Showing all 7 results
Va44, Va47 c:dix viola bow, Dictum, Germany$ 233.00
Va50 Carbondix*** Viola Dictum, Germany$ 298.00
Developed by the Dictum company, previously known as Gunther Dick, these well-made carbon-fibre rayon bows have a strong, stiff stick which, nonetheless gives both flexibility and subtlety. The finish is very good and the value for money excellent.
C408 Unstamped viola bow, European, late nineteenth century$ 1,295.00
This unstamped, round, European viola bow has silver mounts and a hybrid version of the
Vuillaume” frog, giving it good stability at the handle. Extensively restored in our bow workshop, the bow has a good blend of playing characteristics, combining steadiness in fast legato passages, precise articulation and an excellent spiccato. It is priced remarkably well for a silver-mounted bow.
Start sale price: $1295.00
S389 Otto Adler viola bow, Mittenwald, Germany, early-mid twentieth century$ 2,750.00
The Otto Adler bow-making workshop was based in Mittenwald, the famous Sourthern German centre of violin making until Adler’s death in 1945. This octagonal, pernambuco viola bow has silver mounts and a solid, square-backed ebony frog in good condition. At just under 67 grams, the bow is relatively light for a viola bow and would perhaps suit a player with a smaller instrument. The playing characteristics are good, with a clean, smooth action.
Start sale price: $2,750.00
Bow weight: 66.9 grams
S436 Viola bow Laberte, Mirecourt, France, late nineteenth century$ 2,900.00
The Laberte workshops were established in Mirecourt, the violin-making town in the Vorges area of France, in 1780, and for many decades dominated the instrument-making life of this craftsman’s town. This strong and skillfully-made viola bow, with its rounded stick of selected pernambuco, its square backed frog, and its silver mounts, is in excellent original condition, with an unusual and elegant bi-coloured lapping. It has a well-controlled sautelé close to the balance point, and sits steadily on the string in legato passages to pull a full, warm tone.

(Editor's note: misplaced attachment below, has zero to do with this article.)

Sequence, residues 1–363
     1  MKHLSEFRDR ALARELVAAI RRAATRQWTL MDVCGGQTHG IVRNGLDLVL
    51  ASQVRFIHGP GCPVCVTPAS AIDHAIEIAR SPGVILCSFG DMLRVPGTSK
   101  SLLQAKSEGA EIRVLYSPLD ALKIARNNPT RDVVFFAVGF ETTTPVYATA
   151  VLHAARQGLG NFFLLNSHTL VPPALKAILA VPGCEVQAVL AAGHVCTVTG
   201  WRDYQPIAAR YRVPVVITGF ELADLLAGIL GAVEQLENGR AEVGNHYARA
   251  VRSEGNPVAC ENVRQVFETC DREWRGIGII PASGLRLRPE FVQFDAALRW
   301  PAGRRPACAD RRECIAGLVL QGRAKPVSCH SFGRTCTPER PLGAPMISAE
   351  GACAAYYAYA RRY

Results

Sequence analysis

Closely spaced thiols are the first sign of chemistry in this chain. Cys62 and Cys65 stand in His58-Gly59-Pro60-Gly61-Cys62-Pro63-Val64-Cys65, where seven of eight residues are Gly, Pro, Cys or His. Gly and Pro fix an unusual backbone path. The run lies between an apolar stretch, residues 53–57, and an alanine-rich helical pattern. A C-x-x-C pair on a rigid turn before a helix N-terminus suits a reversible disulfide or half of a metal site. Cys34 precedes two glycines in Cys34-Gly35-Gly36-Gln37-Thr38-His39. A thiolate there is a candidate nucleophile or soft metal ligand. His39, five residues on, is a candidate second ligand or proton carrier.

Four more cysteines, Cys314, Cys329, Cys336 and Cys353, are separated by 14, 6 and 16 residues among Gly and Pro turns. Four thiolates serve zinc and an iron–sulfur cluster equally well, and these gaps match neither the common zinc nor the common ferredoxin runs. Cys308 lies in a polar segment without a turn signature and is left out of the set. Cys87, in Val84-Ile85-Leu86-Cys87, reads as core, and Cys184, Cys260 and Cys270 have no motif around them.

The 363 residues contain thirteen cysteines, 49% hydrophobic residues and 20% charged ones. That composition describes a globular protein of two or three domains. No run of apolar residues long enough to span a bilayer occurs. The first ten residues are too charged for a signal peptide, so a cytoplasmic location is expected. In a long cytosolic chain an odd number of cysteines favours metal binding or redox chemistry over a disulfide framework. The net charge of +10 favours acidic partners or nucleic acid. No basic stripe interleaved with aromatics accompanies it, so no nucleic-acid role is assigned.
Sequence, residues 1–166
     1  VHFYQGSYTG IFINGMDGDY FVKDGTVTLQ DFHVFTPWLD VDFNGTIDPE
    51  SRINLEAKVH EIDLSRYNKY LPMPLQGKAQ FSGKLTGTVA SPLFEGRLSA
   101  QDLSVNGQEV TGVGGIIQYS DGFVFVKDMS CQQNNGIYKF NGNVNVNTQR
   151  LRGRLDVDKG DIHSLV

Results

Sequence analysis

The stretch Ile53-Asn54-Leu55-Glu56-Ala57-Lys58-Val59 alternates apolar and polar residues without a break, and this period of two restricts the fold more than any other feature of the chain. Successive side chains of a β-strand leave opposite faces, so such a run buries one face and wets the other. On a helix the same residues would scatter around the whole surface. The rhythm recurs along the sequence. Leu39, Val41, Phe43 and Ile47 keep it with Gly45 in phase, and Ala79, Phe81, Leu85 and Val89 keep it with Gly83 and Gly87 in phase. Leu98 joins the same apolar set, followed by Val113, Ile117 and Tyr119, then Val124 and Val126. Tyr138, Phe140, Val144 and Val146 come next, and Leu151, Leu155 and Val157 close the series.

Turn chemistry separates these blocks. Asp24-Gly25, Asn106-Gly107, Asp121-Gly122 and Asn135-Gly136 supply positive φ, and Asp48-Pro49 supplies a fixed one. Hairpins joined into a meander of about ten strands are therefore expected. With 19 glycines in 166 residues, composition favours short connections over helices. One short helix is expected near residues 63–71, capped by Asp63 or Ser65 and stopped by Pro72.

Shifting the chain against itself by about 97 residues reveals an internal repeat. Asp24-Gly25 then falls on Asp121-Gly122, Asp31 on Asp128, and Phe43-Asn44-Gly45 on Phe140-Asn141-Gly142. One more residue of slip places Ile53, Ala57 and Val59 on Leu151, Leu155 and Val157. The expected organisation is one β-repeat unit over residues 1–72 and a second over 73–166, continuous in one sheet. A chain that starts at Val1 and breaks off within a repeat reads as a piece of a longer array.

S406 Richard Grünke, Bubenreuth, Germany, mid-twentieth century$ 5,000.00
Richard Grünke is one of Germany’s most prestigious modern bow makers. After training with Edwin Hermann and the H.R. Pfretzschner workshop, he joined the Roderick Paesold workshops, where he was their master bow maker for over twenty years. This fine, silver-mounted viola bow, made during that period, is stamped with Grünke’s name; the frog also bears the shield symbol containing his initials which he used at that time. The strong, octagonal stick is made from selected pernambuco, and is both steady and responsive. This bow would suit a professional player or advanced student planning for a career as a viola player.
Start sale price: $5,000.00
Bow weight: 67.1 grams
S312 “Beare” London, late twentieth century$ 6,000.00
This fine viola bow was made by Tim Baker, the last bow maker to be trained and employed by W.E. Hill and Sons. Baker then joined the workshop staff at J. and A. Beare in 1984, where he focussed on bow making, bow restoration and the study of old bows. The influence of the great nineteenth century French bow makers, particularly Peccatte, is visible in this bow: an elongated octagonal section extends forward into the otherwise round stick and the head is carved in a clear, somewhat angular style. At 71.4 grams, the bow is of moderate weight, with a smooth but responsive playing action.